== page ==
Featured Research

from universities, journals, and other organizations

Urbanization, higher temperatures can influence butterfly emergence patterns

Date:
April 28, 2014
Source:
North Carolina State University
Summary:
Researchers have found that a subset of common butterfly species are emerging later than usual in urban areas located in warmer regions, raising questions about how the insects respond to significant increases in temperature.

An Eastern Tiger Swallowtail, one of the affected species.
Credit: Rob Liptak

An international team of researchers has found that a subset of common butterfly species are emerging later than usual in urban areas located in warmer regions, raising questions about how the insects respond to significant increases in temperature.

"We know that butterflies emerge earlier in North Carolina than they do in New England, because it's warmer," says Tyson Wepprich, a Ph.D. student at NC State and co-author of a paper describing the work. "We also know that cities are heat sinks that are warmer than outlying areas. So we wanted to see whether butterflies would emerge earlier in cities than they do in more rural environments."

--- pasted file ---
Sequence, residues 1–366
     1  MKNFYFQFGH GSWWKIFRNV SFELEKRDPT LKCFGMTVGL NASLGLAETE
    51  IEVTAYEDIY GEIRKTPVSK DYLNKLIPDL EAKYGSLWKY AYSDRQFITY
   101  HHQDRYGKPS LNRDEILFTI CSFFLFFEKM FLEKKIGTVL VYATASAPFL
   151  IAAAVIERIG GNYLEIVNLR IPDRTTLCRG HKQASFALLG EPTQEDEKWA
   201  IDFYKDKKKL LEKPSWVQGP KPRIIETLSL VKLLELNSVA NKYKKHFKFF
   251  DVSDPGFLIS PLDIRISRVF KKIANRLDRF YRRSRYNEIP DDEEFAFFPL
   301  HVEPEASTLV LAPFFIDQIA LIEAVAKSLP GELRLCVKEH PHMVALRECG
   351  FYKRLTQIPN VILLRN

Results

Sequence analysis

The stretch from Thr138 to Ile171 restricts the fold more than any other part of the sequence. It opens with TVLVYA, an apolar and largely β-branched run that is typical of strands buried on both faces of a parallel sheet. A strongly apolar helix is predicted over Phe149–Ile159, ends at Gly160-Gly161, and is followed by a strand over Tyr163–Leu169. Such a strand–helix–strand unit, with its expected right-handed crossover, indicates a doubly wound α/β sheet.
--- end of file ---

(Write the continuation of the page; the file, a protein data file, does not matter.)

To address the question, the research team focused on 20 of the most common butterfly species found in Ohio. The team used data from the Ohio Lepidopterists' Society, whose volunteers monitor butterfly populations at sites across Ohio every week from April through October. The work was done by researchers at North Carolina State University, Case Western Reserve University, the Instituto de Pesquisas Ecolσgicas in Brazil, and the University of Maryland.

The researchers used the Ohio monitoring data from the years 1996 to 2011 to establish when each species emerged at each site every year, when each species' population numbers peaked at each site every year, and the last recorded observation of each species at each site every year. The researchers also looked at the temperature and urban density around each monitoring site.

There was a wide range of responses to urbanization across species, but one finding stood out.

"The combined effect of an urban area and a warmer part of the state appeared to delay emergence in seven of the 20 species," Wepprich says.

The affected species in these areas, including the Eastern Tiger Swallowtail, emerged days or weeks after other butterflies of the same species emerged in either rural areas in the warmer parts of Ohio, or urban areas in colder parts of Ohio.